On Aug. 26, AGC submitted its comments to the Federal Acquisition Regulation Council and the U.S. Department of Labor on their proposed rule and guidance, respectively. The rule and guidance implement the president’s “Fair Pay and Safe Workplaces” Executive Order 13673, commonly called the Blacklisting Executive Order.
Under the proposed rule, both prime and subcontractors must report violations of 14 federal labor laws and “equivalent” state labor laws during the previous three years, and again every six months, on federal contracts over $500,000. Prime contractors would also be responsible for evaluating the labor law violations of its subcontractors at all tiers. A single violation, or a combination of multiple violations, could lead a contracting officer to either (1) deny a prime contractor the right to compete for a federal contract; or (2) remove a prime contractor or subcontractor from an ongoing project. Such determinations would be made on an individual contracting officer basis with assistance from newly-created agency labor law compliance advisors. The Department of Labor guidance further articulates the policies outlined in the proposed rule. The rule would only apply to direct-federal contracts and not to federal-aid contracts, like highway contracts awarded by state departments of transportation.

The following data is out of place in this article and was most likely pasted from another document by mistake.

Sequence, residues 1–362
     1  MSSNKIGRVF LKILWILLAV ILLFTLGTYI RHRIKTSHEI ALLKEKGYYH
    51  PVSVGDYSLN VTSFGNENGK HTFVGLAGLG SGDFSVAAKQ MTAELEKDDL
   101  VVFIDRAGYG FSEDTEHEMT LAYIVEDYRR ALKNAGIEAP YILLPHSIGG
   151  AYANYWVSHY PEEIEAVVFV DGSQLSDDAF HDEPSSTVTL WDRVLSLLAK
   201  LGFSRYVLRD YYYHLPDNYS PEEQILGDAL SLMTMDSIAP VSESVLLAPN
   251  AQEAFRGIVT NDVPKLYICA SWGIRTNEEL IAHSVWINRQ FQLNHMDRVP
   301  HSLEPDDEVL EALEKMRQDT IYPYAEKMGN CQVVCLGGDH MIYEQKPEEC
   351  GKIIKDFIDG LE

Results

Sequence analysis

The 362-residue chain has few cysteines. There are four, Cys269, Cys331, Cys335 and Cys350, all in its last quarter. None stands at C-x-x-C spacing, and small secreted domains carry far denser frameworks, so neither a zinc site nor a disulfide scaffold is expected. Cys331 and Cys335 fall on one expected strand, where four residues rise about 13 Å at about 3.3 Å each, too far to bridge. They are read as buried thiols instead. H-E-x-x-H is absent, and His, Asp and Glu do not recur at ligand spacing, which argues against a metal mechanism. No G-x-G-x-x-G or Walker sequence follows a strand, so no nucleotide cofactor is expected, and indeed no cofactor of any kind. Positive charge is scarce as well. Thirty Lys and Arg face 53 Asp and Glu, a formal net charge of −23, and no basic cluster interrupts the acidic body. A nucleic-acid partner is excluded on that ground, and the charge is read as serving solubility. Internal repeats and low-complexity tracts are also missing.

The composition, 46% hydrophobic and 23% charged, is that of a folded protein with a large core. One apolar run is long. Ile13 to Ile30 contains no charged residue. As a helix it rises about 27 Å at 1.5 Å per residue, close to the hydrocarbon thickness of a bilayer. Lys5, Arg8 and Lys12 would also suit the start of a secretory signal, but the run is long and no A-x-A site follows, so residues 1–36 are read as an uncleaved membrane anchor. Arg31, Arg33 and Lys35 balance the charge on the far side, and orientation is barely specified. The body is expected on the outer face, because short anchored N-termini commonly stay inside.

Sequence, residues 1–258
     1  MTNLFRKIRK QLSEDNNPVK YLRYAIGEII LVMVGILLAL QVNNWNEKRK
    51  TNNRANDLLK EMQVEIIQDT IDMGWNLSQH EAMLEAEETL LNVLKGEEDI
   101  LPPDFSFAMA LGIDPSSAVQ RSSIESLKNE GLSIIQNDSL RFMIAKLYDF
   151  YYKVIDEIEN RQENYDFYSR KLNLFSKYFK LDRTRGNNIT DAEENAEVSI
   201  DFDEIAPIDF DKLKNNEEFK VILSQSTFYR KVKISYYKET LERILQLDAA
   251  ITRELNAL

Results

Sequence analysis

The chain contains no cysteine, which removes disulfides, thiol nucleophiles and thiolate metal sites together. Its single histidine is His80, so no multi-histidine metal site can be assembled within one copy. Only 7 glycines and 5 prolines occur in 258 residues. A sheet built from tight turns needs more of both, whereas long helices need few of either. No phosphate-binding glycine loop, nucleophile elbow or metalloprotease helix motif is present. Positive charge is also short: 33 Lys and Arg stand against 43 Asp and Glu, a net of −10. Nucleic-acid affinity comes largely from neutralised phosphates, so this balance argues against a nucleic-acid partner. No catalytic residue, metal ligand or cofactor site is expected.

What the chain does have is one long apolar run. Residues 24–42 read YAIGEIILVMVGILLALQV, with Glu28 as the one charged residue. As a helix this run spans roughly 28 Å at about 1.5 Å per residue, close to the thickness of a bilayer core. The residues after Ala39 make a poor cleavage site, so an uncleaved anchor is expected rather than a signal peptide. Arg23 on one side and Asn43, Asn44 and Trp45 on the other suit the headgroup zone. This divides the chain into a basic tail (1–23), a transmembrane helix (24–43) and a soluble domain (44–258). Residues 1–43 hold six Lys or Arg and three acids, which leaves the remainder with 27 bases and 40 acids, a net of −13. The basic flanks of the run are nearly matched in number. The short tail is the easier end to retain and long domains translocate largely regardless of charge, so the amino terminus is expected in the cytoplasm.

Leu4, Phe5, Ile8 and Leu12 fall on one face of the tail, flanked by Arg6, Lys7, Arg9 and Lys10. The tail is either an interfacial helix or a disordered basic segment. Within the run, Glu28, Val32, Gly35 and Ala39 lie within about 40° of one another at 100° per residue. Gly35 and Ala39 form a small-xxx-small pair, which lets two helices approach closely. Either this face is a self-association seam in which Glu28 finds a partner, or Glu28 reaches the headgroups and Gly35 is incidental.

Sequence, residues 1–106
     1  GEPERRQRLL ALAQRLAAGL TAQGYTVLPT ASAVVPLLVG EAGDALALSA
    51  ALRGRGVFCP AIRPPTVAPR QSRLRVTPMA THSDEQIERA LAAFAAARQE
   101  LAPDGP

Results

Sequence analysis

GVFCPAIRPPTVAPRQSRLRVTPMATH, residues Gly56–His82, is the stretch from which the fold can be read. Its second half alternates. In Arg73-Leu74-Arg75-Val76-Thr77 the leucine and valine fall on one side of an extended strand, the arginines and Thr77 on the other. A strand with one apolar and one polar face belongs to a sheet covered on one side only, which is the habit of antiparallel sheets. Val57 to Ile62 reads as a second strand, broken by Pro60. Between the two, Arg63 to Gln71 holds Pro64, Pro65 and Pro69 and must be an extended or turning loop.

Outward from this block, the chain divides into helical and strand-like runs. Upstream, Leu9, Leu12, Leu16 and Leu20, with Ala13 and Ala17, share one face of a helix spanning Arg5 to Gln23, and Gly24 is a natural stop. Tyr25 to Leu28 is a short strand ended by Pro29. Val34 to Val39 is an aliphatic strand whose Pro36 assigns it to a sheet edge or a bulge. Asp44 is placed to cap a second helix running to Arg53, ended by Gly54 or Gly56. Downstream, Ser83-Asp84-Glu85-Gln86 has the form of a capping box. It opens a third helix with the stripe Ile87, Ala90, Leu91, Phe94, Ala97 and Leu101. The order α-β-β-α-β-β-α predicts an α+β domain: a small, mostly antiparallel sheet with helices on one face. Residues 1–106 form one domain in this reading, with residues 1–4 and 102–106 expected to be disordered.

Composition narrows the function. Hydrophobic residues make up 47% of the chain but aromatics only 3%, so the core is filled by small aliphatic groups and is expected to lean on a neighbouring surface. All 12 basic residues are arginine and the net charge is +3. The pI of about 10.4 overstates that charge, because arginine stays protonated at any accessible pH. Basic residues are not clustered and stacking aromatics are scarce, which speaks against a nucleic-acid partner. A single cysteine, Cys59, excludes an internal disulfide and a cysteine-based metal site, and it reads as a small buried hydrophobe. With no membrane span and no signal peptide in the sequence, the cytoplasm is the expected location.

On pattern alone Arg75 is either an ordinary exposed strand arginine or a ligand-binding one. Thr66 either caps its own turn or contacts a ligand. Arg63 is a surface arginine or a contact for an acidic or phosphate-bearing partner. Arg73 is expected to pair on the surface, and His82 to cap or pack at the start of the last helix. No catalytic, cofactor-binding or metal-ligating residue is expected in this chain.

In its comments, AGC explained why the executive order, proposed rule and proposed guidance should be withdrawn because they are unfounded, unnecessary, unworkable and unlawful. Since the administration issued the Blacklisting Executive Order in July 2014, AGC has advocated against its implementation on Capitol Hill and helped form an industry coalition to stop it. AGC also participated in a White House meeting with Secretary of Labor Thomas Perez, where the association noted its deep concerns with the Order.
For more information, please contact Jimmy Christianson at 703-837-5325 or email@example.com.